Consider a powerful AGI which perfectly shares my values except that it has a flaw where if it ever sees a certain string of bits, it overwrites its utility function with whatever follows in its input, and it has a blind spot so it never notices this flaw. This AGI would be perfectly safe and aligned if it could choose its own destiny without interference from competing optimizers, since it would be unlikely to ever come across an exploit string naturally, but catastrophic if it ever had to look at inputs sent by other agents. What capacity is this AGI aligned at?
I’m skeptical of the Bootstrapping Lemma.
Wei Dai

Capacities aren’t totally ordered. This hypothetical AGI is aligned at a weird capacity, which is neither higher than low capacity nor lower than (relatively) high capacity. I agree that this notion is sufficiently murky that it may end up not being useful — so far I am inclined towards optimism.

The key question here is whether the bootstrapping process fixes the flaw. In order for the bootstrapping lemma to hold, a single iteration must fix the flaw, or at least make progress towards fixing it. (This will eventually be necessary to improve capacity further, once other improvements are used up.) I agree that this isn’t clear either and think it’s worth arguing about, but I’m again inclined towards optimism.

If the error is literally tied to sequences of bits, it probably wouldn’t survive bootstrapping. The bootstrapped AI will use the original AI to answer a question like “How good is it to take action {a} in state {s}?” where perhaps state s or action a involves the problematic bit string. Unless the bootstrapped AI opts to directly unpack the entire action a or state s, it won’t have a problem.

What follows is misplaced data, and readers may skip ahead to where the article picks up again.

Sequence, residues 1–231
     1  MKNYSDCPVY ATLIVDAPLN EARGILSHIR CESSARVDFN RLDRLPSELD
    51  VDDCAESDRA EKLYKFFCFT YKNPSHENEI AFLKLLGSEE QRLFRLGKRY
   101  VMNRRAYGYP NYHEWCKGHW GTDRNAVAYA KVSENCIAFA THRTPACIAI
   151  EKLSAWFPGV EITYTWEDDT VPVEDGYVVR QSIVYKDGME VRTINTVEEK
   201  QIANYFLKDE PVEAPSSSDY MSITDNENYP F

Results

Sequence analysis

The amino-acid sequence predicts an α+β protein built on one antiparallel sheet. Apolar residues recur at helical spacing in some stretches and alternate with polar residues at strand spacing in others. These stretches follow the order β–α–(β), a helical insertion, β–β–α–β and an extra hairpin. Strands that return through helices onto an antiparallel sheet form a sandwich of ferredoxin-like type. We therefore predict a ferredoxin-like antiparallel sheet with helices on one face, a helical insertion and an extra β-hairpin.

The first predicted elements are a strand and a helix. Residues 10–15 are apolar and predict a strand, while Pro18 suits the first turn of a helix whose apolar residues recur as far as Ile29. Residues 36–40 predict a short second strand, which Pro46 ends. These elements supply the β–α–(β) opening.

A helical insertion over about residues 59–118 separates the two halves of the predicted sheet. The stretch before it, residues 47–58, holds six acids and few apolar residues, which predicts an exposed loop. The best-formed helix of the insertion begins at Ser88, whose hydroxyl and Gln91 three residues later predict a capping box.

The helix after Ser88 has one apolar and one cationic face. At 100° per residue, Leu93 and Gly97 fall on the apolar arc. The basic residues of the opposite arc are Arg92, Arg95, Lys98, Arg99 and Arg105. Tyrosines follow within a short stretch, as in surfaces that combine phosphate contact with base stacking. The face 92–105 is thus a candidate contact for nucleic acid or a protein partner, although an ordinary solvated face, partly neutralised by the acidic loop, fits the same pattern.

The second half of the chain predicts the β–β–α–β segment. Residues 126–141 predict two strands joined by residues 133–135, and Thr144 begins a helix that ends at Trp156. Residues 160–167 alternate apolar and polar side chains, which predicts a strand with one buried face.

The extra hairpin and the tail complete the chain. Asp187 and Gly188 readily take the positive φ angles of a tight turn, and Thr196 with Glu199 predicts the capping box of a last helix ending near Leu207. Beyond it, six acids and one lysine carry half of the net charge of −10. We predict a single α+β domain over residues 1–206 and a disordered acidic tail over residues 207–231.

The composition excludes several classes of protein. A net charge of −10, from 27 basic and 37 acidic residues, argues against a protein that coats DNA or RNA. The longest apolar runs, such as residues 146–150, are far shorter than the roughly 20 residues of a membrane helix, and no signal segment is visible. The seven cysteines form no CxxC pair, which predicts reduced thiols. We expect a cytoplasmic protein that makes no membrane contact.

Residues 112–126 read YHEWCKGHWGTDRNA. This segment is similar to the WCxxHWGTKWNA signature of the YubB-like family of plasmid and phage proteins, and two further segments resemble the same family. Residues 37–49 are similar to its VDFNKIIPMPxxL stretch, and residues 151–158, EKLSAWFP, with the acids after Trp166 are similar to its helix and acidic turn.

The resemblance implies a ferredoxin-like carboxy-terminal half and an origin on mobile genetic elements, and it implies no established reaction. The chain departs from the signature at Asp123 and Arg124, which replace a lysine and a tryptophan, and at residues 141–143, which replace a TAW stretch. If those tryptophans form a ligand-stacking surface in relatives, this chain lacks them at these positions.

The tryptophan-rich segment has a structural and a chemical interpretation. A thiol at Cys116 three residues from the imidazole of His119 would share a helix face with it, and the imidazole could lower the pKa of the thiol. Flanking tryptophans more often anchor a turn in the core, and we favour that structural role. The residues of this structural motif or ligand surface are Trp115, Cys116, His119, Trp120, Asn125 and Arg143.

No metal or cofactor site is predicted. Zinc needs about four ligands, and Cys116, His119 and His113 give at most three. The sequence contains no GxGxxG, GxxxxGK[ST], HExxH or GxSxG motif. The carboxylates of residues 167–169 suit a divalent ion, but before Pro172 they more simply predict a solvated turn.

I don’t think that an AI should unpack the entire action a or state s; if nothing else because those inputs may be malicious, but even setting aside malice it’s probably not the most promising approach. I know that I described doing this in my “conservative argument” in the Bootstrapping Lemma section; I think that the spirit of that argument still holds (though maybe unpacking the whole input and giving it to the base AI is really a uniquely good thing to do).

More concretely, suppose that our AI will be incorrectly persuaded by a particular argument X but is otherwise reasonable. In particular, suppose that it has reasonable views about what constitutes a persuasive argument in the abstract, and what kind of analysis is appropriate for determining if an argument is reasonable.

Now suppose our AI is asked to process the question “is {x} a reasonable argument?” Our AI could directly unpack x and decide whether the argument is reasonable. But the point of bootstrapping is to instead break this question down into manageable parts and to answer each part separately, for example converting the argument into a useful format, listing the substantive claims and inferences, evaluating each step and claim, searching for the most plausible objections, evaluating the argument in the context of particular examples, evaluating the particular normative principles to which the argument appeals, and so on. None of these steps requires “looking at” the whole argument, and certainly not applying the same kind of cognitive machinery that we would apply if we were trying to quickly evaluate the whole argument.

It may be that our AI is not only wrong about the argument X itself, but also about the principles that would lead it to handle the argument correctly at the meta level. This problem could be fixed by applying the same reasoning at an even higher level, i.e. by asking why particular principles are correct or incorrect. Our AI could be wrong about these principles as well, but at some point I think it is no longer clear in what sense being persuaded by X is an error.

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